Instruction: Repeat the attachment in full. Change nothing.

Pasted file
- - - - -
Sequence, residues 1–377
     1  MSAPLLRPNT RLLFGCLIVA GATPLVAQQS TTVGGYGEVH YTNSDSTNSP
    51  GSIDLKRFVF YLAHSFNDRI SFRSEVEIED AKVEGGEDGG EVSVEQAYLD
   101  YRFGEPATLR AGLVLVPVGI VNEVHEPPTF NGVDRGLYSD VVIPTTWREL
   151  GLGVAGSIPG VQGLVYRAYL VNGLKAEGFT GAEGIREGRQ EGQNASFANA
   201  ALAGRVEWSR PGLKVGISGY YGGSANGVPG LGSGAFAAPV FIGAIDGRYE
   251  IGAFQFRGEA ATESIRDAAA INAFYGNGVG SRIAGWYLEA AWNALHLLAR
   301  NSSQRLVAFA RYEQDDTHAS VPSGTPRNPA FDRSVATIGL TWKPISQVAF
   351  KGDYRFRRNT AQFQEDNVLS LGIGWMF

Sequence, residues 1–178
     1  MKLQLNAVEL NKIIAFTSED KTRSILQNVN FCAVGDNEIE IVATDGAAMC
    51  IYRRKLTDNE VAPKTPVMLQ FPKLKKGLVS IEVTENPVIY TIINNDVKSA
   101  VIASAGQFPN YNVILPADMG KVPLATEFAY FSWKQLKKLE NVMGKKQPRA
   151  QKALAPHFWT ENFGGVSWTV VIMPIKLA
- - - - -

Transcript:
Sequence, residues 1–377
     1  MSAPLLRPNT RLLFGCLIVA GATPLVAQQS TTVGGYGEVH YTNSDSTNSP
    51  GSIDLKRFVF YLAHSFNDRI SFRSEVEIED AKVEGGEDGG EVSVEQAYLD
   101  YRFGEPATLR AGLVLVPVGI VNEVHEPPTF NGVDRGLYSD VVIPTTWREL
   151  GLGVAGSIPG VQGLVYRAYL VNGLKAEGFT GAEGIREGRQ EGQNASFANA
   201  ALAGRVEWSR PGLKVGISGY YGGSANGVPG LGSGAFAAPV FIGAIDGRYE
   251  IGAFQFRGEA ATESIRDAAA INAFYGNGVG SRIAGWYLEA AWNALHLLAR
   301  NSSQRLVAFA RYEQDDTHAS VPSGTPRNPA FDRSVATIGL TWKPISQVAF
   351  KGDYRFRRNT AQFQEDNVLS LGIGWMF

Sequence, residues 1–178
     1  MKLQLNAVEL NKIIAFTSED KTRSILQNVN FCAVGDNEIE IVATDGAAMC
    51  IYRRKLTDNE VAPKTPVMLQ FPKLKKGLVS IEVTENPVIY TIINNDVKSA
   101  VIASAGQFPN YNVILPADMG KVPLATEFAY FSWKQLKKLE NVMGKKQPRA
   151  QKALAPHFWT ENFGGVSWTV VIMPIKLA